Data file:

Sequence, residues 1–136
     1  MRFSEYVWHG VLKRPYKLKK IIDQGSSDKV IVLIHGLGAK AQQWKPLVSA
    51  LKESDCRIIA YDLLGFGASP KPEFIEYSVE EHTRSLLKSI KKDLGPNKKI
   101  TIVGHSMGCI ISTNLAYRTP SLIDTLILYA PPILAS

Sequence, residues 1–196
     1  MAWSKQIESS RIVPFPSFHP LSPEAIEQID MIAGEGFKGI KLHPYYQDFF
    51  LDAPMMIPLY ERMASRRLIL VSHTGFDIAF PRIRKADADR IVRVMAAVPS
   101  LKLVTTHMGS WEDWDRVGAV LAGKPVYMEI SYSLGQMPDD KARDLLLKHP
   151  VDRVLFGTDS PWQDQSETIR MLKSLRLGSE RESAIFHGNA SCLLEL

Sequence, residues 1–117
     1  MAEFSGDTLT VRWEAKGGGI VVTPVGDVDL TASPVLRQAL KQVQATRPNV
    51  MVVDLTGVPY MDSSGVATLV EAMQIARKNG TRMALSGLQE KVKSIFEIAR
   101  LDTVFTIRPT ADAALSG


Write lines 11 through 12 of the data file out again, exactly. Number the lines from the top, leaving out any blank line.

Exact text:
     1  MAEFSGDTLT VRWEAKGGGI VVTPVGDVDL TASPVLRQAL KQVQATRPNV
    51  MVVDLTGVPY MDSSGVATLV EAMQIARKNG TRMALSGLQE KVKSIFEIAR